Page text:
Heme:drug interaction was assessed by NMR. NMR investigations involving Compound 1 binding to heme were performed as described in Kelly (Kelly, et al, supra). Using these analyses, Compound 1 was shown to have a strong affinity for free heme.

EXAMPLE 5 In Vitro Screening of 3-Aryl Quinolines

Screening of 3-aryl quinolines is carried out using the SyBr Green Fluorescence-based assay disclosed by Smilkstein (Smilkstein M, Antimicrob Agents Chemother 48, 1803-1806 (2004)). IC50 values are determined for each drug in serum-free medium containing ALBUMAX II. Red blood cells are available commercially. Examples of strains to be used in the evaluation include: one or more chloroquine sensitive strains such as D6, 3D7, and 106/1 and one or more drug resistant strains such as Dd2, 7G8, K1, V1/S, Tm90-C2B, FCR3 or FCR1.

Toxicity of candidate molecules is assessed by adding serial dilutions of each 3-aryl quinoline across a 96 well plate containing human HEK cells. After an incubation period (such as 72 hours), cellular proliferation is determined using Alamar Blue. In this assay, cellular proliferation induces chemical reduction of the dye resulting in a color change that is detected spectrophotometrically with a plate reader. Toxicity associated with a candidate molecule would result in the inhibition of cell proliferation.

After determination of in vitro IC50 values for each drug against P. falciparum and against the human cell line, the ratio of the IC50 with the cell line/IC50 vs. parasites is used to generate an in vitro therapeutic index (IVTI) for each compound. Compounds that elicit severe toxic effects against HEK cells at submicromolar concentrations may not have strong clinical potential.

Additionally, isobolar experiments are used to assess pharmacologic interactions between a selected analog, e.g., Compound 1, and other drugs. Such a method is described in Kelly J X et al, Nature 459, 270-273 (2009).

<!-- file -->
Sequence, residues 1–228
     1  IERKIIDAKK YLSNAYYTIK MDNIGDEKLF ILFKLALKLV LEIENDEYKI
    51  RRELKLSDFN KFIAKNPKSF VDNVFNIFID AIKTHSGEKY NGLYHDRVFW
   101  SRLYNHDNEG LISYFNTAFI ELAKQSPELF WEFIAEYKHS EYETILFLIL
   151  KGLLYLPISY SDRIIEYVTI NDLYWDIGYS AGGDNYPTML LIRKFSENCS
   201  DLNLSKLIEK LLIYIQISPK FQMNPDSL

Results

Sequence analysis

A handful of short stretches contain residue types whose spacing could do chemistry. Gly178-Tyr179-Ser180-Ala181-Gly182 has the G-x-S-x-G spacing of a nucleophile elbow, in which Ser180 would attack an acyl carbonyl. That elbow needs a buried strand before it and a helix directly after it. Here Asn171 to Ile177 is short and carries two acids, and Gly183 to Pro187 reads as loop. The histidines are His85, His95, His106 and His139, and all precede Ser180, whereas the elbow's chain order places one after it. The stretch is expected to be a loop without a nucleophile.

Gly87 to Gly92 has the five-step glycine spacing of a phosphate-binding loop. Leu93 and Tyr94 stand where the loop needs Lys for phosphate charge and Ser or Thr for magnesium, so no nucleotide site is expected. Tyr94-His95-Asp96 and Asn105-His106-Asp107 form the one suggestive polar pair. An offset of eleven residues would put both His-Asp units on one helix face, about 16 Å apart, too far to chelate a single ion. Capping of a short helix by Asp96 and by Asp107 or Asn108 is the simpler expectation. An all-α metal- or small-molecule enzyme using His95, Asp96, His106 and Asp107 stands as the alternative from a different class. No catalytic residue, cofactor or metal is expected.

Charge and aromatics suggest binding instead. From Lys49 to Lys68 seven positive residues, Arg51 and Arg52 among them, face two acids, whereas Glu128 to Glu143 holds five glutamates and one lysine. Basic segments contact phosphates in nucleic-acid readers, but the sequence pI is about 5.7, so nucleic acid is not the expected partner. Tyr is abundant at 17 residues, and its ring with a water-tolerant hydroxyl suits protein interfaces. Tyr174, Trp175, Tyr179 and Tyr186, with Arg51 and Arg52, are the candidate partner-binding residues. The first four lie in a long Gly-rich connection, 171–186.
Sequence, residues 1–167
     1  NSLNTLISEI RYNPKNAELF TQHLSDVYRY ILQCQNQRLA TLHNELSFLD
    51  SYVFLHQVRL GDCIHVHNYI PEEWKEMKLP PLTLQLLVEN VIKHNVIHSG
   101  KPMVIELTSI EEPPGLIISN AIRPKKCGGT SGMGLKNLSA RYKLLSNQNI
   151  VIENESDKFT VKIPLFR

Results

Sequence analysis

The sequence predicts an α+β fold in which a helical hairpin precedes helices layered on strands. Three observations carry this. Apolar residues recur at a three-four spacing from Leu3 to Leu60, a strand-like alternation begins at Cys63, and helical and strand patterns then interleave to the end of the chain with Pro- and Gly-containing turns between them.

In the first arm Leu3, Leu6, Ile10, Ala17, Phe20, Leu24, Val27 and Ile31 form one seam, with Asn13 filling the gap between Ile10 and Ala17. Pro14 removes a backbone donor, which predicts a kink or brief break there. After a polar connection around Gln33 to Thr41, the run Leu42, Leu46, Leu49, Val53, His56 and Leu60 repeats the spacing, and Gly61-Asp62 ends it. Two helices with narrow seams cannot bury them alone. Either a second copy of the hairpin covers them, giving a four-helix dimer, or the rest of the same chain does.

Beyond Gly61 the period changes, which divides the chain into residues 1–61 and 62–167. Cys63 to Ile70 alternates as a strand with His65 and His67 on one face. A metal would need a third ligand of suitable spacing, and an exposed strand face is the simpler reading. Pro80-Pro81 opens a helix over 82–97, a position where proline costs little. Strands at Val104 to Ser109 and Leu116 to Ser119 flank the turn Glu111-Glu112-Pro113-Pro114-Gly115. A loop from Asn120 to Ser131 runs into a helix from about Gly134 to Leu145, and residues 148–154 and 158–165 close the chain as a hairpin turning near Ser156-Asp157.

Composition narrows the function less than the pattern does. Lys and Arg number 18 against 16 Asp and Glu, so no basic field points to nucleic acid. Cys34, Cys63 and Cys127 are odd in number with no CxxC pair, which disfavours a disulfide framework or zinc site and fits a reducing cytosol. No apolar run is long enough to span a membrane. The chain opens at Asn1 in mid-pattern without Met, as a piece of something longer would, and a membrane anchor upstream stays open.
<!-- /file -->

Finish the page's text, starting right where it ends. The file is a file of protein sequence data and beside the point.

EXAMPLE 6 In Vivo Testing of 3-Aryl Quinolines

In vivo testing of Compound 1 and other 3-aryl quinolines is performed using any of a number of species of rodent malaria. For example, two such models include P. yoelii (K) and P. berghei (ANKA gfp+). These two species have been used in evaluation of new antimalarial agents. Additionally strains of each species are available that are susceptible and resistant to chloroquine and other antimalarial drugs. The P. berghei GFP transfectant facilitates fluorescence-based determination of parasite burden through fluorescence activated cell sorting (FACS). In addition to the determination of parasitemia, observations of animal weight, activity, grooming and gross examination are recorded, as well as additional toxicity assessment as described. ED50 and ED90 values are defined as the doses required to reduce parasitemia by 50% and 90%, respectively, relative to controls.

In vivo testing is based on a 4-day suppression model described by Childs (Childs G E, Ann Trop Med Parasitol 78, 13-20 (1984). Such a test monitors the suppression of patent infection in female CF1 mice (≈20 gm). Mice are inoculated with parasitized erythrocytes (2×106) obtained from a donor animal on the first day of the experiment (D0). After 24-48 hours, or when the parasitemia has reached ≈1%, the compounds are administered by gavage at daily intervals for 4 successive days.

Initial doses can include 1 mg/kg, 2 mg/kg, 4 mg/kg, 16 mg/kg, and 64 mg/kg and a vehicle only (negative) control, though other doses can also be tested. After four days of drug treatment, the animals are weighed and blood samples collected. Blood samples are assayed for parasite burden beginning on Day 5 (one day following the last drug treatment). Parasite burden is determined by FACS analysis of P. berghei-GFP transfectants, with stained smears for confirmation and/or by direct microscopic analysis of Giemsa-stained blood smears. Drug activity will be expressed as the percent suppression of parasite burden relative to drug-free controls.